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First Mover: In the cryptocurrency markets, no two exchanges are alike

Updated: Jul 2, 2020

In the cryptocurrency markets, no two exchanges are alike. Even in major crypto exchanges, trading U.S. dollars for bitcoin can have fairly different order sizes and spreads, according to data compiled by aggregator CryptoCompare.

Average order sizes over the past week were quite varied, CryptoCompare found. Orders on Bitstamp averaged $3,424.11, the highest of major dollar to bitcoin (USD/BTC) pair exchanges. ItBit was second to Bitstamp at $2,874.17, with Kraken at $2787.68. Gemini’s average was in the middle of the pack at $1,438.31, followed by Coinbase at $1,113.15. Bitfinex was lowest, with an average order totaling $342.09. The average order of the six exchanges was $1,996.58.

Average spreads between the highest bid offer and the lowest ask offer on an exchange order book also varied significantly. Data from CryptoCompare shows a few exchanges have a much larger daily price spread than others.

“This is derived from L2 order book data, without fee calculations, on top of this,” said Constantine Tsav, head of research for CryptoCompare. Level 2, or L2, order book data is a term for market information that includes the scope of bid and ask prices for a given asset, in this case USD/BTC.

Luxembourg-based Bitstamp, at $5.21 and New York-domiciled Gemini, at $2.38, have the largest average spreads in intraday trading, in this case CryptoCompare used a two-hour interval. Market spread is the gap between the highest bid and the lowest offer on the order book. Thus the gap is the difference between the price traders are willing to sell an asset and others are willing to buy an asset, and vice versa.

Chris Thomas, head of institutional trading for Swissquote Bank, doesn’t believe the spread discrepancy between some exchanges is bad – it just depends on the type of trader on the exchange. Traders looking to fill larger bitcoin orders on spot exchanges might choose Bitstamp, based on this data, since it has bigger average orders. Traditionally, traders look for tighter spreads.

“Whereas Bitstamp and Gemini have a relatively wide spread, the four other ones will use this to boast that they have the most liquidity and are ‘the best’ exchanges,” he said. “But they may only be prepared to support these very tight prices in very small sizes – for example, 0.25 or 1 bitcoin on both bid and offers.”

“One bitcoin on each side of the bid/ask is okay for retail, but it’s not ideal for institutional.”

Of course, traders aren’t just motivated to go to an exchange based solely on average order sizes and spreads.

A very fragmented marketplace exists for crypto exchanges in 2020, said Denis Vinokourov, head of research for cryptocurrency broker Bequant. “The tech stack across exchanges is not uniform,” Vinokourov told CoinDesk.“Some exchanges offer high frequency trading connectivity while others don’t, some are more retail focused than others; with segmented geographical focus, numerous legal jurisdictions and various approaches to fiat on-ramps.”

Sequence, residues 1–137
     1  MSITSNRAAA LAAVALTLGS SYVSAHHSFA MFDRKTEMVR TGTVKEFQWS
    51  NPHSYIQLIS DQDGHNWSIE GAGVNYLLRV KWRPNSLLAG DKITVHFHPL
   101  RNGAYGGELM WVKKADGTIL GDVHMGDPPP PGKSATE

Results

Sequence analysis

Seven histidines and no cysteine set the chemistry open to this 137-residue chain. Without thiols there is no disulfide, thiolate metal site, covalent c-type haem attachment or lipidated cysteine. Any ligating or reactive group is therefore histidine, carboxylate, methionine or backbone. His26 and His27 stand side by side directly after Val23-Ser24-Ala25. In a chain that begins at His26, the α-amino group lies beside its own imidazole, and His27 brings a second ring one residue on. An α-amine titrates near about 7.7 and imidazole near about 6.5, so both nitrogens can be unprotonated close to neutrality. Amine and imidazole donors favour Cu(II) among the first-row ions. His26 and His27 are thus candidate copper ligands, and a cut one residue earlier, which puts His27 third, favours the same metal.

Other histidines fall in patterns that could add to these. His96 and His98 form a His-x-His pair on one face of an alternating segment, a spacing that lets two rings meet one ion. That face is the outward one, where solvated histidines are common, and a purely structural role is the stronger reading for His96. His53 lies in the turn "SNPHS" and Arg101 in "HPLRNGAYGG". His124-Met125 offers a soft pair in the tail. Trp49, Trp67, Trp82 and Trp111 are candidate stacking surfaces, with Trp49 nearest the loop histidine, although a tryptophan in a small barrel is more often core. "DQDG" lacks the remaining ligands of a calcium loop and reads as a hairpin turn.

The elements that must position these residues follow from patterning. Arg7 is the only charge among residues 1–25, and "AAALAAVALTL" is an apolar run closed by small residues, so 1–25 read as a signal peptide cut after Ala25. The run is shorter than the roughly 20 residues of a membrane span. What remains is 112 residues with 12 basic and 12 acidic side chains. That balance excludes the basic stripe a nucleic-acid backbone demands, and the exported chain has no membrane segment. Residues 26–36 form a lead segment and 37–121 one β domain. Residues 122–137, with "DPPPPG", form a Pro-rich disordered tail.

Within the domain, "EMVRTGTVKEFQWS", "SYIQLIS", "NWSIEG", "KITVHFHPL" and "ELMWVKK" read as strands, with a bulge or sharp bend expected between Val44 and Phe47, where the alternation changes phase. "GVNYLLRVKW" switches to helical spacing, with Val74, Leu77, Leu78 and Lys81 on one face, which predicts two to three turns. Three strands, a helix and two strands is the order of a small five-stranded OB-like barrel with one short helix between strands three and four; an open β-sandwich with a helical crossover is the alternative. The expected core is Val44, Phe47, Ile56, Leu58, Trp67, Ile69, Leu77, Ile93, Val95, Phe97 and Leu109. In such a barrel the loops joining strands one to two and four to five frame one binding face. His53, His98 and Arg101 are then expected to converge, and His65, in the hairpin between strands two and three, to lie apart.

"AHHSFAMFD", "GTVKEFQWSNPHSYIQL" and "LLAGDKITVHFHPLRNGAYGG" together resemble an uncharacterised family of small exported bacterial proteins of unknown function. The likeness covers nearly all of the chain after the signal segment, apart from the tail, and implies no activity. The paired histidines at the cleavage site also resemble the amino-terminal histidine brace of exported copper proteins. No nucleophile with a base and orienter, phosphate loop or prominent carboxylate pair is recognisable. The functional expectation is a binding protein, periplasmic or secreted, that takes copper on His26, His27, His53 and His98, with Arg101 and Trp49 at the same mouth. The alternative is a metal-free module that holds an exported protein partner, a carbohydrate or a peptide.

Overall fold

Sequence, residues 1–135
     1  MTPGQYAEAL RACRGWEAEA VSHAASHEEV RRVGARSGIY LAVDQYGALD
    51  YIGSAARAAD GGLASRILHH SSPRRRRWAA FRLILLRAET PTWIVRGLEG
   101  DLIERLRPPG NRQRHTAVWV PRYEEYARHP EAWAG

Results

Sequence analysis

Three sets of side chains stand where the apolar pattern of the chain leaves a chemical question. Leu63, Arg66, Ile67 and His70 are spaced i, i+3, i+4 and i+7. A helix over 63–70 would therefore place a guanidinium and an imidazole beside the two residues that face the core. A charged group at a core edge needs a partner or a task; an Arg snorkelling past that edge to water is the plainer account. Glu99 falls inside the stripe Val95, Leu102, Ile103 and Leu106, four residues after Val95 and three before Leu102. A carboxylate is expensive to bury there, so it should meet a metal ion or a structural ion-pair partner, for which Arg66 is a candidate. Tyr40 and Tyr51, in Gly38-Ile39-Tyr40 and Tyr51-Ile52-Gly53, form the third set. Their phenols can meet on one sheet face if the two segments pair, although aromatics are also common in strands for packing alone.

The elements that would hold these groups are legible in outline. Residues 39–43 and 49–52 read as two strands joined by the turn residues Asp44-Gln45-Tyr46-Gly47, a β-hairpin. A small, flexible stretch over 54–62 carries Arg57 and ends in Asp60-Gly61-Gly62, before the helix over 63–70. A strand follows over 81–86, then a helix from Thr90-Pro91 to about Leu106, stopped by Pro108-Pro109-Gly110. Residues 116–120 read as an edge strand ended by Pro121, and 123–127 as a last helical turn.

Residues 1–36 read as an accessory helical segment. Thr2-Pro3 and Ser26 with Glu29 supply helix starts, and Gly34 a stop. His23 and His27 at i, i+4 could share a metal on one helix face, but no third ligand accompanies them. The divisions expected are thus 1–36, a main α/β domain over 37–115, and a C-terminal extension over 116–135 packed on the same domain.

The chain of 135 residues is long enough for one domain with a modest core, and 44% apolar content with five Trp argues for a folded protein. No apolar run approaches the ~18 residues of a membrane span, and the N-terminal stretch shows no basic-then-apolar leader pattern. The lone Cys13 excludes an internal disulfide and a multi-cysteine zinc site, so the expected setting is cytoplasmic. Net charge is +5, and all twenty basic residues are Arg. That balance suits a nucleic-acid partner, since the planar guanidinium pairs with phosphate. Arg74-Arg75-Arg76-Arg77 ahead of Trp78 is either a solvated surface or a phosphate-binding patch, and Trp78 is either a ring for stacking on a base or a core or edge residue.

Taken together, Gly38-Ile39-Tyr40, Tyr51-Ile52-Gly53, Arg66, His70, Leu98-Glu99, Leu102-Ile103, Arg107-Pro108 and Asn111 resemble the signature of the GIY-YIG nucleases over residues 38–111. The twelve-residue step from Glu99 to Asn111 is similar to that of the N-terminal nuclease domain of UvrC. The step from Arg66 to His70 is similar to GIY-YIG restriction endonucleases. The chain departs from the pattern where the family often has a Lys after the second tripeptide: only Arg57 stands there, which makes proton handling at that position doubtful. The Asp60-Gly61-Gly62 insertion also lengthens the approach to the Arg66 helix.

Maxime Boonen, CEO of liquidity provider B2C2, says a trader at that size really just needs to decide which exchange has the best fee structure. “Frankly, all exchanges are more or less equal, the liquidity of the major cash exchanges is broadly the same for most intents and purposes.”

“The fees do vary; that’s important, depending on how much you intend to trade,” he added.

The increased use of derivatives in the crypto market is also seeing more professional traders move away from spot trading, Boonen said. “Derivative exchanges are more liquid than cash exchanges,” he said.

One of the reasons why order averages might seem so low is many traders on these exchanges are just buying from time to time to hold (or “HODL”) bitcoin, Boonen told CoinDesk. “You can’t get physical bitcoin from derivatives exchanges, it’s not appropriate for HODLing.”

Trend: Bitcoin is flashing red at press time and may be heading for bigger losses in the short term. 

At press time, the cryptocurrency is trading around $9,200, representing a 0.5% decline on the day, according to CoinDesk’s Bitcoin Price Index.

On the daily chart, the cryptocurrency looks to have found acceptance under the 50-candle moving average (MA), a bearish development. Meanwhile, on the three-day chart, the five- and 10-candle moving averages have produced a bearish crossover, while the relative strength index has dived out of a 60-day-long descending channel, signaling a bullish-to-bearish trend change. 

Some indicators, like the daily chart’s golden crossover and a bull cross of the 50- and 100-candle MAs on the three-day chart, do indicate the path of least resistance is to the higher side. These indicators, however, are based on backward-looking averages and often trap traders on the wrong side of the market.

Besides, technical traders have refused to step in over the past four weeks despite confirmation of the golden crossover. Such reticence is reflective of a weakening of bullish sentiment. 

All in all, the odds appear stacked in favor of a decline to support levels located at $8,630 (May 25 low) and possibly $8,300 (200-candle MA). On the higher side, $10,000 remains the level to beat for the bulls.

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